How Mental Illness Can Sometimes Make a Relationship Feel 'Wrong' When It's Not

Finally, happily, wonderfully, you’re in a healthy relationship. This might be after a long string of bad ones, that toxic one that lasted too long or no relationship at all.  While a healthy relationship is good, and can often be helpful to someone struggling with a mental illness, it sometimes can still feel “wrong.” Not the kind of wrong that bad relationships can feel like, but still wrong.

These feelings of wrongness can bring on guilt, insecurity, agonizing over what might be wrong with you that you’re having this feeling in the first place. Sometimes these feelings can arise from not understanding or maybe mental illness snuck in and is doing its part to amplify those feelings. It can be hard to understand during the relationship and may even damage it. It’s a feeling that can hold you back from embracing something you deserve.

It sounds strange. How could “right” feel “wrong”? Where are these feelings coming from?  The thing is, if you’ve been in all the unhealthy relationships over your life, a healthy relationship can feel foreign.

When a mental illness seems to strip away the ability to make good choices, it can leaving you feeling vulnerable. Sometimes it can feel like you won’t ever find anyone better than people who took advantage of you in the past. However, there are still paths to healthy relationships. 

Once you are in a healthy relationship, it can feel quite the opposite of “normal,” or of reality as you know it. Unfamiliar like the raisins being removed from those chocolate cookies you’d love so much more without them.  It tastes better, it smells better, it’s simply exactly what you want. But change is hard, even if it’s good. Biting into that cookie and not feeling that raisin texture or small distaste you’ve just gotten used to. It is weird at first, but then once you take a few more bites, then bake another batch without those raisins, then it becomes the new familiar.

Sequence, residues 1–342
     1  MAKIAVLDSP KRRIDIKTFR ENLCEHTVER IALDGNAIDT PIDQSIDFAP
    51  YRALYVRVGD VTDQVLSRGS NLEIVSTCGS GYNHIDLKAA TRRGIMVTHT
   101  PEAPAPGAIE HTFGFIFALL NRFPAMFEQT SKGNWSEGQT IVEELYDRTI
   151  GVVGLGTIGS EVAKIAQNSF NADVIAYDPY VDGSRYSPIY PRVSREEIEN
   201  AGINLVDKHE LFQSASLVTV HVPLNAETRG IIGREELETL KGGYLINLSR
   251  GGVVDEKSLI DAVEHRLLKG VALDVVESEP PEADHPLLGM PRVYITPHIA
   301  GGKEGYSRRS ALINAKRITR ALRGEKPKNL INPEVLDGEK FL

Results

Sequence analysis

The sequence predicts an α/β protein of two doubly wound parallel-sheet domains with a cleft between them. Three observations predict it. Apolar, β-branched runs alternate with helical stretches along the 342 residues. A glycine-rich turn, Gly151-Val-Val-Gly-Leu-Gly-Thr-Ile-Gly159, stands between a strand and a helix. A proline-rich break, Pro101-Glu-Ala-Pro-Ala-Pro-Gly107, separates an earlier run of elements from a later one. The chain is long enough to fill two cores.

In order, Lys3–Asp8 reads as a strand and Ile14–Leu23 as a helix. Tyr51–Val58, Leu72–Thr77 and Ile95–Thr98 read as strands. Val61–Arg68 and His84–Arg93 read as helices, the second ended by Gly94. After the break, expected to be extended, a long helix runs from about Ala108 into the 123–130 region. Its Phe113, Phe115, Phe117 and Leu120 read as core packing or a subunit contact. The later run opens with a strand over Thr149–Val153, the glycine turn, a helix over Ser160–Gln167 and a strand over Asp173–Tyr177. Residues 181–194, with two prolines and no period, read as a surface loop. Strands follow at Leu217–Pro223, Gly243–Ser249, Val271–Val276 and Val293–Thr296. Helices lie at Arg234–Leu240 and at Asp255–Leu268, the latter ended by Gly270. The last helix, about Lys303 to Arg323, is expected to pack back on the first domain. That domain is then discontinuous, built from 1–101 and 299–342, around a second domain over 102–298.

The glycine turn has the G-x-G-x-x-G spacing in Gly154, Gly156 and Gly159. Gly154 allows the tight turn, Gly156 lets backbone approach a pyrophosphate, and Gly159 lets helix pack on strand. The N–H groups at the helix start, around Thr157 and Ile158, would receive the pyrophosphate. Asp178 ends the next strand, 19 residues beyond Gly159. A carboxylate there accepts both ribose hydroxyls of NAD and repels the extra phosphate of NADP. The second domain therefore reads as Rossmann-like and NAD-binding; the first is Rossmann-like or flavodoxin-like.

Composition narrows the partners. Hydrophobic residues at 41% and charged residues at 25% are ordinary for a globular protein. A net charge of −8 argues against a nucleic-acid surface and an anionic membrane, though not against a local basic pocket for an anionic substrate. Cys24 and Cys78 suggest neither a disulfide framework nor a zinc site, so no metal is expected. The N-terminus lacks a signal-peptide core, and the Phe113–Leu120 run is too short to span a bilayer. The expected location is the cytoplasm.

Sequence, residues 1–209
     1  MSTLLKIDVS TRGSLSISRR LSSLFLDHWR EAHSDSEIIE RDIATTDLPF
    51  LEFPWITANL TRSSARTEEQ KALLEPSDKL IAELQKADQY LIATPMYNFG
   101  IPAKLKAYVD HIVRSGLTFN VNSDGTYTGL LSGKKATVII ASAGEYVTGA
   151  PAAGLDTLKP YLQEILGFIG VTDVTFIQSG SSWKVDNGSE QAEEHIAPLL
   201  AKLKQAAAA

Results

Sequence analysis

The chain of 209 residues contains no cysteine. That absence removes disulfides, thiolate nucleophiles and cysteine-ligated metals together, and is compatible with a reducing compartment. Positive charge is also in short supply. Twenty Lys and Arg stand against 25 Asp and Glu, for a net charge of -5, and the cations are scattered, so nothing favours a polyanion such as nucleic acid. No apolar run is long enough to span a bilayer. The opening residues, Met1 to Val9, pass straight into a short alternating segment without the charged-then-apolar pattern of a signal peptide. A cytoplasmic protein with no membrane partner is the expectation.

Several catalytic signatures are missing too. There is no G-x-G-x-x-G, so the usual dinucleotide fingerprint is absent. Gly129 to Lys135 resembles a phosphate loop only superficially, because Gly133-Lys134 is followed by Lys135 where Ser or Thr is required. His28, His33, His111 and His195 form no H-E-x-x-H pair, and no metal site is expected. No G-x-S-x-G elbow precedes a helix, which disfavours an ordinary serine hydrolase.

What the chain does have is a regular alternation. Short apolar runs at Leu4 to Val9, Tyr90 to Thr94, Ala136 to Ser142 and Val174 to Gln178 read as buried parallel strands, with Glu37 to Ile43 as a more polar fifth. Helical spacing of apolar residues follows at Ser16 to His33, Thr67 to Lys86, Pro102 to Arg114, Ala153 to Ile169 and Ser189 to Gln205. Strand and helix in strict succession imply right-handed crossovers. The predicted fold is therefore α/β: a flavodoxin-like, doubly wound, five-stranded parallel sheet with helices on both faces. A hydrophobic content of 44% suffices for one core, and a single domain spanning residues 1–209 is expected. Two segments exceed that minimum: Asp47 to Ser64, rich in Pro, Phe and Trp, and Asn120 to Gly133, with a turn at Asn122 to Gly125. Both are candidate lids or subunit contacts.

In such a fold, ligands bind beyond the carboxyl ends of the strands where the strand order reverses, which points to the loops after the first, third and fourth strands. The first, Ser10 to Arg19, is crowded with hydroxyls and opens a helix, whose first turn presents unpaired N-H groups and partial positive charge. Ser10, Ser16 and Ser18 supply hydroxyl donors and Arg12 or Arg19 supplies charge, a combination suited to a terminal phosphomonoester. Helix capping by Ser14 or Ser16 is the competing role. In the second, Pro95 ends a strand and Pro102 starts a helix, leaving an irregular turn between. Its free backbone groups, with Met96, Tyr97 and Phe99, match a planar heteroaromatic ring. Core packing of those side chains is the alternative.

When someone doesn’t cheat on you, doesn’t hurt you and when you communicate and thrive together, it can be strange if you’ve had poor relationship experiences in the past. But I believe good relationships can help individuals with mental illness navigate their condition and manage it. It’s in relationships like these where the word “toxic” can stay in a barrel where it belongs. Then, healthy relationship can be the key phrase. 

I believe everyone deserves a healthy relationship, and it can be achieved. But the problem of it feeling wrong when it’s right still needs to be acknowledged. Understood, not shamed. Most importantly it can be worked on, and healthy will feel right.

Communication is important in a healthy relationship. Communication about mental illness is essential for understanding and trust. I hope this can help couples go hand in hand happily towards a bright future together.

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Thinkstock photo via KristinaJovanovic.

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